Writings

Middle East lost a Dead Sea’s worth of water, study finds

Publication: NBC News   Date: February 12, 2013   View Article

Freshwater resources in the water-stressed Middle East are rapidly declining at a time when global climate change is projected to make the region even drier, scientists report in a new study.

Between 2003 and 2009, parts of Turkey, Syria, Iraq, and Iran along the Tigris and Euphrates river basins lost 117 million acre feet of stored water, according to gravity measurements taken by a pair of wedge-shaped satellites. That’s nearly the equivalent of all the water in the Dead Sea.

Stinging needle ants overtaking invasive Argentines in U.S.

Publication: NBC News   Date: February 11, 2013   View Article

A stinging ant from Asia is spreading with a vengeance across the United States and may prove more devastating to people and the environment than the well-established aggressive Argentine ant currently is, according to new research.

“While Argentine ants cause a lot of damage, Asian needle ants are a really big health threat to humans,” Eleanor Spicer Rice, an entomologist at North Carolina State University, told NBC News.

Seriously? Dress becomes transparent when wearer is aroused

Publication: NBC News   Date: February 8, 2013   View Article

For those who need a visual cue on their partner’s readiness to get it on, there’s a new high-tech garment in the offing that turns increasingly transparent as the wearer’s state of arousal heightens.

“We call it techno poetry when this relationship between technology and the human body get immersed,” Daan Roosegaarde, who heads up the Netherlands-based design firm that created the garments, told NBC News.

Wind-powered car crosses Australia on $15

Publication: NBC News   Date: February 8, 2013   View Article

A lightweight carbon-fiber car packing high-tech lithium-ion batteries and a portable wind turbine cruised 3,000 miles across Australia using just $15 worth of electricity from the grid. For an added boost, the drivers used a giant kite to pull the car down the road when the wind blew in the right direction.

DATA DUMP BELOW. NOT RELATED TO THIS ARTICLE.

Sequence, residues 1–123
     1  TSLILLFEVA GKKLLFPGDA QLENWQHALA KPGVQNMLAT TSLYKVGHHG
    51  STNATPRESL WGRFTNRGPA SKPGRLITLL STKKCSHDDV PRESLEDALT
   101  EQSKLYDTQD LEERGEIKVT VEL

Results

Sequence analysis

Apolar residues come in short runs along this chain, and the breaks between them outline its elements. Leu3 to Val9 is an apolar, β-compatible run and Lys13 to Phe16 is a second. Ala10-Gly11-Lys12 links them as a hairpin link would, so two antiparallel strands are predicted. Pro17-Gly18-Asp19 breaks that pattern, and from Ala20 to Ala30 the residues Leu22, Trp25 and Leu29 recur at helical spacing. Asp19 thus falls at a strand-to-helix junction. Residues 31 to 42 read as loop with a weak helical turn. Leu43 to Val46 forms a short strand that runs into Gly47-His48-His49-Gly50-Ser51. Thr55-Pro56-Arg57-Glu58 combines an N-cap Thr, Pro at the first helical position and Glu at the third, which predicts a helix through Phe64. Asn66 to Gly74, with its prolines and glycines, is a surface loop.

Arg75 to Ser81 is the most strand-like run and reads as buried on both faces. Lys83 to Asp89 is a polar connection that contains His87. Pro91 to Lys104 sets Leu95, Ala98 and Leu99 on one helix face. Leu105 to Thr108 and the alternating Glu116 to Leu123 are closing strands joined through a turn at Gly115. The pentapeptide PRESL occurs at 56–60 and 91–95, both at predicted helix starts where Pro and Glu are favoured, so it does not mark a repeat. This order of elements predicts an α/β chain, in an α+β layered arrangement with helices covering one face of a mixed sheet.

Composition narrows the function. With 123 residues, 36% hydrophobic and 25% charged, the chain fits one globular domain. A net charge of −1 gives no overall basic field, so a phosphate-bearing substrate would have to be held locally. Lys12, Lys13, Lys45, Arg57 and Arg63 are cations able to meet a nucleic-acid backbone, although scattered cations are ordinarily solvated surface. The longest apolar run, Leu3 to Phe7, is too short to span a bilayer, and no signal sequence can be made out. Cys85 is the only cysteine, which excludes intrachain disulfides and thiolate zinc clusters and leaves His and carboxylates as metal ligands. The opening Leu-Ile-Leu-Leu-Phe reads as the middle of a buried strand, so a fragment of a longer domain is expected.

“They were able to supplement their lithium-ion battery power with kite power about 10 to 15 percent of the time,” Bill Bunting, a senior scientist with Evonik Industries in New Jersey, told NBC News.

Smarter weather forecasts? There’s an app for that

Publication: NBC News   Date: February 7, 2013   View Article

Millions of people carry around smartphones equipped with pressure sensors that help pinpoint their gadget’s location. Atmospheric scientists have built an app to collect the pressure data in an effort to improve short-term weather forecasts.

“The big horizon in weather forecasting is high resolution; getting small-scale features like thunderstorms right,” Cliff Mass, an atmospheric scientist at the University of Washington, explained to NBC News. “And what cripples us is we don’t have enough data to describe what is happening.”

Study: Microbes to protect coasts as oceans acidify

Publication: NBC News   Date: February 7, 2013   View Article

Ancient single-celled organisms called foraminifera may protect coastlines from stormy weather in the coming era of warmer and more acidic oceans, according to a new study.

That’s because the microscopic shelled creatures, called forams for short, each produce about .4 pounds of calcium carbonate per square foot of ocean floor. Calcium carbonate is the limestone material that forms the bedrock of coral reefs and comprises about 4 percent of the Earth’s crust.

Polar bears are doomed without plans to save them, report says

Publication: NBC News   Date: February 6, 2013   View Article

Regularly flown-in loads of seal meat could feed hungry polar bears and prevent them from wandering into coastal villages in search of food when they are suddenly unable to find it elsewhere due to global warming, according to the world’s top polar bear scientists.

Currently, however, no such plan exists in any of the five nations with jurisdiction over the globally threatened species, the researchers warn in a new paper. And that’s a problem, given that just one exceptionally early breakup of sea ice could leave a large number of bears starving.

© 2008-2010 Collected Writings By John Roach